Liberals, on the other hand, know they’re right, and everybody else is just misguided and absurd. They are more condescending and more rigid. This is generalizing, but it’s the sense I get from the political left. I am not much of a protester, I could give a shit about local congressional races--I do however find presidential elections very interesting, which is why have been reading the political blogs lately. Political types seem to be more concerned with the law and facts than being truly open-minded. They are led by their conception of sobriety and reason, a kind of status quo--instead of entertaining radical new ideas. This is true also of a lot of "literary" writing, which has a sort of gentleness--it may be about dark subjects, but it wears its intelligence so conspicuously, a master of arts, that the darkness is in some way overshadowed, unreal. It satisfies the intellect, the fact-based part of the brain. Really those writers seem to be superficially showing off. It’s like the difference between fusion jazz, where everyone is a technical expert, and Coltrane jazz, where everyone is bleeding their soul.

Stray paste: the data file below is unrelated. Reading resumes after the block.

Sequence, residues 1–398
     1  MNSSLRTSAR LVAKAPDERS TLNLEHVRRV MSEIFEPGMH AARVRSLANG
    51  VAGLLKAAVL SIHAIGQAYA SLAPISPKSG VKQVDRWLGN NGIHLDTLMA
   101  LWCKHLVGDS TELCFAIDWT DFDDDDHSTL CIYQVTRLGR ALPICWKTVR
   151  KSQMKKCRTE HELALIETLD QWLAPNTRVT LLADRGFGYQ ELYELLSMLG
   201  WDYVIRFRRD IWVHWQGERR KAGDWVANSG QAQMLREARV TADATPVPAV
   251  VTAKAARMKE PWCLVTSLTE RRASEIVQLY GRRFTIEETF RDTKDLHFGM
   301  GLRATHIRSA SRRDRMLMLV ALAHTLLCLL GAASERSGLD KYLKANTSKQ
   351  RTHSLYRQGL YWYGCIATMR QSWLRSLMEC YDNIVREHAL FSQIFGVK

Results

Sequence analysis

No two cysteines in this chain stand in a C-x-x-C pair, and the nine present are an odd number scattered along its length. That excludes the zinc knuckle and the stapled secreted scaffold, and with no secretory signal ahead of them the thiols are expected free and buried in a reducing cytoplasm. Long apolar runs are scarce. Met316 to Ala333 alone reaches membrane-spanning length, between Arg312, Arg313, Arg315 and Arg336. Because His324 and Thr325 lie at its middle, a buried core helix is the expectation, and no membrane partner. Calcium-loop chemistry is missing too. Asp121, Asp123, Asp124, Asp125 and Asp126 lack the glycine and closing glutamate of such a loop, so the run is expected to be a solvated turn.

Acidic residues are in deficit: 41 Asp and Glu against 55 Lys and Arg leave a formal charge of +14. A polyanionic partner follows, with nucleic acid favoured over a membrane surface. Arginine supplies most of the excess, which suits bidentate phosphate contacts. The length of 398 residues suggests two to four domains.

Not that I have achieved what I want as a writer. I have a deep-seeded desire to please all people. I am a Kerry-like politician. I want the conspiracy nuts to agree with what I say, I want intellectuals to think I’m smart enough, I want the political left to think I am rational-minded. In short, I am full of shit. I want my writing to be eye-opening and controversial and I’m also worried about offending people. I wish I could lose that and stop being such a fucking apologizer.